The four pillars of workplace wellbeing

The four pillars of workplace wellbeing

There are many different elements of workplace wellbeing and accountants should be aware of all of them

In the 20th century organisations had a much greater focus on the prevention and treatment of illness and injury.

Since the mid-noughties fixing illnesses has not been the only focus. We are learning through scientific discoveries and research that we can attain higher levels of performance and functioning.

These higher levels impact all areas of our lives and contribute towards preventing debilitating conditions such as stress and anxiety as well as others. In the workplace most of the focus has been on mental and physical wellbeing. Equally important is financial and environmental wellbeing.

Now – let’s consider each pillar in turn…

Mental Wellbeing

This includes our ability and willingness to connect and work with colleagues, and to maintain positive relationships with ourselves and others. Essential to this is understanding ourselves and having the resilience to cope with the challenges life can bring.

Delving more deeply into learning the impact and reasons behind destructive and addictive habits, such as tobacco, drugs, excessive sugar and alcohol intake, is just as important as understanding the impact of healthy habits, including exercise, routine check-ups, sleep, and nutrition.

Physical Wellbeing

The aim here is to have a healthy quality of life. The pressures of work and life in general mean we all need to learn how to prevent undue fatigue and stress by understanding how our behavioural choices impact us.

Financial Wellbeing:

This side of wellbeing is often overlooked, and it can be a sensitive subject for employers to approach.

It is, however, an important one since the UK government has found that those between the ages of 18 and 24 are the least likely to understand financial literature.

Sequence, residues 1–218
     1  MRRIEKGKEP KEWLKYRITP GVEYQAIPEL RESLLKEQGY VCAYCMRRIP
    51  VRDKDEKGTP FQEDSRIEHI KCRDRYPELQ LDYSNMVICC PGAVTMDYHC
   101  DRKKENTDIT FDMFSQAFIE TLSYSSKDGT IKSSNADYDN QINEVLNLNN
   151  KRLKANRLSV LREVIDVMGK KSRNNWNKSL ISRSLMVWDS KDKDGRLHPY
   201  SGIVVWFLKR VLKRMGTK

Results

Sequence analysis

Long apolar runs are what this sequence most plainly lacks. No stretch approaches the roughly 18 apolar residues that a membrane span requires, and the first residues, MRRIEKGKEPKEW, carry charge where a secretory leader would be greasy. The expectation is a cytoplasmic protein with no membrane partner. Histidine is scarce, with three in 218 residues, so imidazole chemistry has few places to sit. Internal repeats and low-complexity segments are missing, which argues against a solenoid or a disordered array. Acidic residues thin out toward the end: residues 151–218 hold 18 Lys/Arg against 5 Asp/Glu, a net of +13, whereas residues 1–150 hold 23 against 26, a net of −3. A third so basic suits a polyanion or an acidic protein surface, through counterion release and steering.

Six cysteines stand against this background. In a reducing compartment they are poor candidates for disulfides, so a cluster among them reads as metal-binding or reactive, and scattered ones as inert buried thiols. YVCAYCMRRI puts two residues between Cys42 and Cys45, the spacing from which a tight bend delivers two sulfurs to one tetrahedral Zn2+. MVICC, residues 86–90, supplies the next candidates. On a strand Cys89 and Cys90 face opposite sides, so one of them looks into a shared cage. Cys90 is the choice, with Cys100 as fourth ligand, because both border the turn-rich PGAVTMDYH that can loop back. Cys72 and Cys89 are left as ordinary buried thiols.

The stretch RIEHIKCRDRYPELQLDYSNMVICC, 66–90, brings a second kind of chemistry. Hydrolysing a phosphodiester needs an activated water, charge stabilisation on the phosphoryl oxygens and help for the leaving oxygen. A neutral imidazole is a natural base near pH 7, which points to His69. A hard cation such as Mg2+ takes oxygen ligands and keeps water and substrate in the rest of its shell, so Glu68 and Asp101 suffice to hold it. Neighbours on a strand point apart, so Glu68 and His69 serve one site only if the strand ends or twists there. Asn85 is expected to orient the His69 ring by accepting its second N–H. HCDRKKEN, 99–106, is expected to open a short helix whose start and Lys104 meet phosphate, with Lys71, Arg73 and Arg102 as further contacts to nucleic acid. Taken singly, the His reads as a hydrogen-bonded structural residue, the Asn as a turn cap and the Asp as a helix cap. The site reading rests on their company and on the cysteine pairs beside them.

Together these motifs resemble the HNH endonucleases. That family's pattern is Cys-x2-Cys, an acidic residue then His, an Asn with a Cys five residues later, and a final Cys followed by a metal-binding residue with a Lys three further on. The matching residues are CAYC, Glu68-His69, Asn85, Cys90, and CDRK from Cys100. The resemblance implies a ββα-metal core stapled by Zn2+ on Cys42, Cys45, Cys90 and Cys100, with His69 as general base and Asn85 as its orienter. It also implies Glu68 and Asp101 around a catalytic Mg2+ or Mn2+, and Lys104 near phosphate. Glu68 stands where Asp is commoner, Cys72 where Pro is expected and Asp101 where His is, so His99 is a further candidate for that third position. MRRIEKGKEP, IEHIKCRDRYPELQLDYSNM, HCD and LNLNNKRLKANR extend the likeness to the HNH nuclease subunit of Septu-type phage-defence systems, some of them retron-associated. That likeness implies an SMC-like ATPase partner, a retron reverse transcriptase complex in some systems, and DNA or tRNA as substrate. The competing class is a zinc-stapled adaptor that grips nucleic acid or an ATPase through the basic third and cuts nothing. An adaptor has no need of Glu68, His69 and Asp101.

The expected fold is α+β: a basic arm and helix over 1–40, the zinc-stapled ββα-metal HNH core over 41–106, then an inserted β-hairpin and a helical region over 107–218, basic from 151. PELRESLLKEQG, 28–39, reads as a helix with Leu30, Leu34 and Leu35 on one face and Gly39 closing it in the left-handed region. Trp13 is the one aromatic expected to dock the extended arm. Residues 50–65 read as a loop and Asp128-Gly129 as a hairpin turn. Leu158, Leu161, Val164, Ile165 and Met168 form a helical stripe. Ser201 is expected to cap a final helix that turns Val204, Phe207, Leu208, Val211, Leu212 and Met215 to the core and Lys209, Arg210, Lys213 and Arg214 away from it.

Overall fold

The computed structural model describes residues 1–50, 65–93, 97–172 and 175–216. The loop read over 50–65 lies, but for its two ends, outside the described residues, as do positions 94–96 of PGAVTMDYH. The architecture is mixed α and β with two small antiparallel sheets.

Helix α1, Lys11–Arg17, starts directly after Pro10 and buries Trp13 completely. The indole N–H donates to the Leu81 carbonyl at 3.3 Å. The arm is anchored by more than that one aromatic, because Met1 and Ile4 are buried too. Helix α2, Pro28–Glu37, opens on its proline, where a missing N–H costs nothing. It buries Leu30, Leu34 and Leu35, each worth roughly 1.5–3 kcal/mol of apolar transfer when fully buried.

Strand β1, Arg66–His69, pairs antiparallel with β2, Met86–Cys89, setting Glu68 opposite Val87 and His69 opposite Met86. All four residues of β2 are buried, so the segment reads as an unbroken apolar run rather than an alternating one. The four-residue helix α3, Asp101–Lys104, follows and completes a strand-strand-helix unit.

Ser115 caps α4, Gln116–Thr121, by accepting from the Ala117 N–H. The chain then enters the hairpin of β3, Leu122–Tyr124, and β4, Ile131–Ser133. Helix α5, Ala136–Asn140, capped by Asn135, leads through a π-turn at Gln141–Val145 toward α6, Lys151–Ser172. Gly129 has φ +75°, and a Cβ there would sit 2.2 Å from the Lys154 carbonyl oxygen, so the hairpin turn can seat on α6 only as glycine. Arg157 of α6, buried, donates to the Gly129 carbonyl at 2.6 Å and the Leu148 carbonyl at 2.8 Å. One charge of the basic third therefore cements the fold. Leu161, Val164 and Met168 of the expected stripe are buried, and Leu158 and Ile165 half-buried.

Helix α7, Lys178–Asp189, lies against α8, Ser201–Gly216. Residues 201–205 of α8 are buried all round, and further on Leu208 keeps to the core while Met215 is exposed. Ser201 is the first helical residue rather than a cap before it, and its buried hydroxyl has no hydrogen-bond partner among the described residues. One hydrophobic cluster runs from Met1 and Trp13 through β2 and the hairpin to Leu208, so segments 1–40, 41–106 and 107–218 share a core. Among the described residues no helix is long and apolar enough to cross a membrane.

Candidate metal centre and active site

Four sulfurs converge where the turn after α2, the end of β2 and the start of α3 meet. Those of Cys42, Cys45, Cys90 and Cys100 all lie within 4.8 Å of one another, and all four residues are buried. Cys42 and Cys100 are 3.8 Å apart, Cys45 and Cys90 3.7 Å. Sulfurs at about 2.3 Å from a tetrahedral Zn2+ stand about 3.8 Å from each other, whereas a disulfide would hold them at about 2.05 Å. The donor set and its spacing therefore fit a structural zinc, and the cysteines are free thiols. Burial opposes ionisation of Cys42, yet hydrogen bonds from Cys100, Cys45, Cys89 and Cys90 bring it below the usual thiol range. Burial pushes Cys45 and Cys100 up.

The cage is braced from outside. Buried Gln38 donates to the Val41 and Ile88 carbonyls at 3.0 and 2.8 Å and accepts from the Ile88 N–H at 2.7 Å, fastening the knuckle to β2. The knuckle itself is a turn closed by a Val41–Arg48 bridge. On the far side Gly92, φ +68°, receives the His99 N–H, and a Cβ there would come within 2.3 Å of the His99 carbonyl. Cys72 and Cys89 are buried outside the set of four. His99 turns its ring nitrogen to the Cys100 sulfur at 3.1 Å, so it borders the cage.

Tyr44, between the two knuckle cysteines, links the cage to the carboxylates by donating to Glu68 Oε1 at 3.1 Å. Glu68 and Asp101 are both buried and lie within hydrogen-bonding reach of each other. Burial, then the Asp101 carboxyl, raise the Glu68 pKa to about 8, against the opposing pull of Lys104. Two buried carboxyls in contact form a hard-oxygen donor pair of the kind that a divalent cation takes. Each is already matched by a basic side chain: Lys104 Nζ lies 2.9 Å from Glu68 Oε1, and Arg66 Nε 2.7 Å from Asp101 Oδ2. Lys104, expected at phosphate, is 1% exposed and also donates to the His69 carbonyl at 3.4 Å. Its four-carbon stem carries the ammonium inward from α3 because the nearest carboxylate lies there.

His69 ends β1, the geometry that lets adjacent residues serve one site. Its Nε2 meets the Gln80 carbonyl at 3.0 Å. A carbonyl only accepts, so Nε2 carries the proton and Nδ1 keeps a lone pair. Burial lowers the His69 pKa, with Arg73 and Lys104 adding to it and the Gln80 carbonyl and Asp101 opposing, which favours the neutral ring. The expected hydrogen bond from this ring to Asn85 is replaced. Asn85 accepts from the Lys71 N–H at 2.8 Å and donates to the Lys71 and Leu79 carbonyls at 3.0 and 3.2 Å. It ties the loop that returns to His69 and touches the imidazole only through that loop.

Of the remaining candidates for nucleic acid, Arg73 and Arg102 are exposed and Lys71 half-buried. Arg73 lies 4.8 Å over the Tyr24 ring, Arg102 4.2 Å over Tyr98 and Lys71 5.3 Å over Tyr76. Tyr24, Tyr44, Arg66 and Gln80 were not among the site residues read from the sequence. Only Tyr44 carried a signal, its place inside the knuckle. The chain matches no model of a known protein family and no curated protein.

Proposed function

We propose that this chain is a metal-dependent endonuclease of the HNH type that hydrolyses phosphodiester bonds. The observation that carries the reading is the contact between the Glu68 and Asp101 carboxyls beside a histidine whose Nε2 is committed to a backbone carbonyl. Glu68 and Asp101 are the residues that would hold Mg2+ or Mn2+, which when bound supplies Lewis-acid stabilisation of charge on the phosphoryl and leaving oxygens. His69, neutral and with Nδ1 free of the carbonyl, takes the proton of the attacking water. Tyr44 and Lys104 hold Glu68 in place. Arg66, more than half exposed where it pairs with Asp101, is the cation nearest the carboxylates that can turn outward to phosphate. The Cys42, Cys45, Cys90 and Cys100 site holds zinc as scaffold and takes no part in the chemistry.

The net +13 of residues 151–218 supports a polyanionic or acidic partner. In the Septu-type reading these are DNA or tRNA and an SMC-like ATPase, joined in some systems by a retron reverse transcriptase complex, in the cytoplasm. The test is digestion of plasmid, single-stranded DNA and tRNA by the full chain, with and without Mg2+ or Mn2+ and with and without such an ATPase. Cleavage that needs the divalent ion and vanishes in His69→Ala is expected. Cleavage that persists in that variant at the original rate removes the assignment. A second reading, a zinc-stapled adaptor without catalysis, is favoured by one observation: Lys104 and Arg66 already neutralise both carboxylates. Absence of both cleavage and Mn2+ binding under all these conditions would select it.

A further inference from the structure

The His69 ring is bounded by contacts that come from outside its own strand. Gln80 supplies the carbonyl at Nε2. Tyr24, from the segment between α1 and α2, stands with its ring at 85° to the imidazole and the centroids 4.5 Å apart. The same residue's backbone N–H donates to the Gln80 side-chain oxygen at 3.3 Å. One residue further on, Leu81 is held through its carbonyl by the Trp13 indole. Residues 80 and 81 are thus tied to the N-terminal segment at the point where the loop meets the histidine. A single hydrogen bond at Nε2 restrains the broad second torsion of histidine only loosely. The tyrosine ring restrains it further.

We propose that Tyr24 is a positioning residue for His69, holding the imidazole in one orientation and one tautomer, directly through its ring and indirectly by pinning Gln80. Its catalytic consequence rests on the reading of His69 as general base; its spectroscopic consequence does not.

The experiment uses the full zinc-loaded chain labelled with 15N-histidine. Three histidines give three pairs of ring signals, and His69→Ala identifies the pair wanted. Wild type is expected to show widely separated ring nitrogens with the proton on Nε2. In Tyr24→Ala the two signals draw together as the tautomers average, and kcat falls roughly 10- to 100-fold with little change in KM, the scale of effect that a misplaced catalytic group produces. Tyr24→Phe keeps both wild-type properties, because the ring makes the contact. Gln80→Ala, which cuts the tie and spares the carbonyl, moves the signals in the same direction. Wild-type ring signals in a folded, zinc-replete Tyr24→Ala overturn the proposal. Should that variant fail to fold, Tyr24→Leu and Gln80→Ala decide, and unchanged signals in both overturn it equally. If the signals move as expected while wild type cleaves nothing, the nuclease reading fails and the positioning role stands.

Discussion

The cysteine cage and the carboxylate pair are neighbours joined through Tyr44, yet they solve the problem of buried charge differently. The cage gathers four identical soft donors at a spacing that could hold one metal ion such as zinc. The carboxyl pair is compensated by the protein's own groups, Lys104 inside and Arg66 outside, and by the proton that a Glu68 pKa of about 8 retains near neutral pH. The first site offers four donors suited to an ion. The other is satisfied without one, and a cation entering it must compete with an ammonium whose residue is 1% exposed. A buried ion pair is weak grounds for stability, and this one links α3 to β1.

Financial security and stability is a key component of overall wellbeing, with clear links to mental and physical wellbeing, and productivity. So it should play an essential part in the wellbeing discussion.

Environmental Wellbeing

Certain types of work spaces can enhance attention to detail, others promote collaboration, and some encourage creativity. Then there are those which do none of those things despite the existence of research recognising a link between engagement, innovation and our surroundings.

Our work spaces deserve more consideration. From the air quality and furniture selection to the lighting and design, they directly impact our wellbeing and levels of productivity.

Workplace wellbeing should not be a binary conversation centred only on mental and physical health. It is more wide-ranging than that and it is important for companies and employees alike to understand this. Companies such as Pro-Recruitment will help job hunters find businesses which treat all of these areas as important.

 

Heeral Gudka is an executive coach at Convergent. Pro-Recruitment specialise in tax, finance, legal, and HR recruitment services.

To find out more, listen to the Four Pillars of Workplace Wellbeing webinar by registering.

 

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